Holy Name of Jesus Church, towering in its Tudor Gothic magnificence on St. Charles Avenue at the front door of Audubon Park, has been described as the “Church on the Park.”
The parish, established in 1892 not long after the World’s Industrial and Cotton Centennial Exposition of 1884 and 1885, celebrated its 125th anniversary May 28.
Archbishop Gregory Aymond was the principal celebrant, and Jesuit Father Eddie Gros, pastor, and Jesuit Father Stephen Rowntree, parochial vicar, concelebrated.
Men and women for others
Father Gros said he was pleased about Holy Name’s rich tradition in training Catholics who have gone on to become city leaders.
“I’m happiest about the fact that so many leaders in New Orleans went through Holy Name School,” Father Gros said. “Their parents or they were married here, and there continues to be a Jesuit presence in this part of the city.
“I’m happy about all that the Jesuits stand for by way of education and training, to be men and women for others. Holy Name of Jesus has always done that, and I’m certainly making it my dream and my goal to continue doing that, to train and educate people to become holy participants in the reign of God.”
After the homily, Father Gros called up Mary Pinkerton, who won the contest to count how many angels are represented inside the church. There are 204 different images of angels, Father Gros said, and Mary’s guess of 194 was closest to the actual number. She won two tickets to a 2017 Saints game donated by Saints owners Tom and Gayle Benson.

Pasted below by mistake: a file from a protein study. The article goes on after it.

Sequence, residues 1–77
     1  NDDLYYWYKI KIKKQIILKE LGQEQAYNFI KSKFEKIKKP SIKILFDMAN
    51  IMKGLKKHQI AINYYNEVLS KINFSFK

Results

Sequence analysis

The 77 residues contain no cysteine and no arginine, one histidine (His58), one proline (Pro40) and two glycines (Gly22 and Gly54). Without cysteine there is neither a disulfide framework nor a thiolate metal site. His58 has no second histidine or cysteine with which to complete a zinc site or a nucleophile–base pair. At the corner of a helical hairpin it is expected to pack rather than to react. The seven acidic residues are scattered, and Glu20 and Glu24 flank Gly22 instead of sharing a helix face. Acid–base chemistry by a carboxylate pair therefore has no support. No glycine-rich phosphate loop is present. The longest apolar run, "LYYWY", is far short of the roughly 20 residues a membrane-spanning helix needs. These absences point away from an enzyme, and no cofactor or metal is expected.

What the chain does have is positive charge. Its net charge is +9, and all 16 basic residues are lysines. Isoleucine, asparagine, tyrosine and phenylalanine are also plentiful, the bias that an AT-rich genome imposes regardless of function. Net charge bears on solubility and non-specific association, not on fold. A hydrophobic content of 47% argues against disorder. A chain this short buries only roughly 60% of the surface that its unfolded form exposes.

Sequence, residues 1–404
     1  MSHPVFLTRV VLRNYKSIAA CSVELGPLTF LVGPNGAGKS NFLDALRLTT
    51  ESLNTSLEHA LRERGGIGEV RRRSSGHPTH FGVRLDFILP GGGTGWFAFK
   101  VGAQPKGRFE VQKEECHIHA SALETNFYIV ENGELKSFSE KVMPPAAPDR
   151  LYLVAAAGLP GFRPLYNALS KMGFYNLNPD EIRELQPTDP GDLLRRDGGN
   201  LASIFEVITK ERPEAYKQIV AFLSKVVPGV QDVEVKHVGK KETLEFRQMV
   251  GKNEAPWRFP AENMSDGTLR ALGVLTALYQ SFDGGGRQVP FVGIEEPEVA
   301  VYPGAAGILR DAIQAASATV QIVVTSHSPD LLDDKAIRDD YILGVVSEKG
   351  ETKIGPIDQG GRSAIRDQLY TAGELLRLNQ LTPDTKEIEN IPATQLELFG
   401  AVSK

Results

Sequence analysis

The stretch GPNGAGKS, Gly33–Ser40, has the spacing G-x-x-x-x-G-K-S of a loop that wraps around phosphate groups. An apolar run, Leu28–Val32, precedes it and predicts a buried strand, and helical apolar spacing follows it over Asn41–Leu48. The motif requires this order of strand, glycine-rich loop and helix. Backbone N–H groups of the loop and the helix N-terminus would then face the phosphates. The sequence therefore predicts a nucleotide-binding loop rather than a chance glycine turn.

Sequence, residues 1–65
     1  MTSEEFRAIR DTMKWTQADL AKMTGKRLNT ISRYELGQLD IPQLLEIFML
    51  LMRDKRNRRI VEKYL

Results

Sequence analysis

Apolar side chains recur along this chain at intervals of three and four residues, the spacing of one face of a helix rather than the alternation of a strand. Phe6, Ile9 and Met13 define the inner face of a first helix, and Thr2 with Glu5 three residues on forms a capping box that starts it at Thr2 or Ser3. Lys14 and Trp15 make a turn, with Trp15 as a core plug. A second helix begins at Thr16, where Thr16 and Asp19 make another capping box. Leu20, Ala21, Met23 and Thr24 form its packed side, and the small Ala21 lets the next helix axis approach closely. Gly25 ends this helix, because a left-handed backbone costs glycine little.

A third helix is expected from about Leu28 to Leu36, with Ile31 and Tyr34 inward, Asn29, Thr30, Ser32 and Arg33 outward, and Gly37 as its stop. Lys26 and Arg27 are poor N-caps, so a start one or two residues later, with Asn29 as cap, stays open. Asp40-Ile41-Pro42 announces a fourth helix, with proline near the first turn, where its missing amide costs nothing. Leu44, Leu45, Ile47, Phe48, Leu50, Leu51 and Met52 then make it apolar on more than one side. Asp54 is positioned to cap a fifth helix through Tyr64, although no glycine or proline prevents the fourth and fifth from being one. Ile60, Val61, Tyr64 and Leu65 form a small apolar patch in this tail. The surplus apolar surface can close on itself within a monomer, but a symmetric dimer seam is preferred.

Father Gros said Holy Name of Jesus has a thriving school with 500 students, all striving to become “boys and girls for others and then growing up to be men and women for others.”
The parish also has one of the few 24/7 perpetual adoration chapels in the archdiocese, with adorers coming from across the archdiocese.
Father Gros said he is excited about the parish’s Reverence for Life ministry, “because we not only stand up for life in the womb but we also stand up for the lives of those who might be vulnerable.”
“We’ve stood up for immigrants,” he added. “We’ve had someone speak to us about the death penalty. We also have looked at human trafficking. We have a special group called Angels for Life, which visits people in their homes and brings them to the grocery store, to the doctor and to church if they need help. And we work in collaboration with the Harry Tompson Center and any other shelters for working with the homeless because homelessness is such a big thing here.”
Incoming pastoral council president Stephanie Petras, who first came to New Orleans with her family in 2010, said she has been overwhelmed by the parish’s “depth of family and community.”
“For us, we’re certain if things are going bad, you know that you’ve got family here that’s going to support you,” Petras said. “We’re happy to bring people in and share our love and community with them.”
Mo Crain, the current pastoral council president, has a three-generation attachment to the parish. He and his family attended Holy Name School.
“It’s always been home – it’s comfortable,” Crain said. “When you have those issues in life that we all do – spiritually, emotionally, when you need to go back to your faith – this parish has been a constant. It’s always been here. It’s a fabric that runs through the generations.”
Peter Finney Jr. can be reached at firstname.lastname@example.org.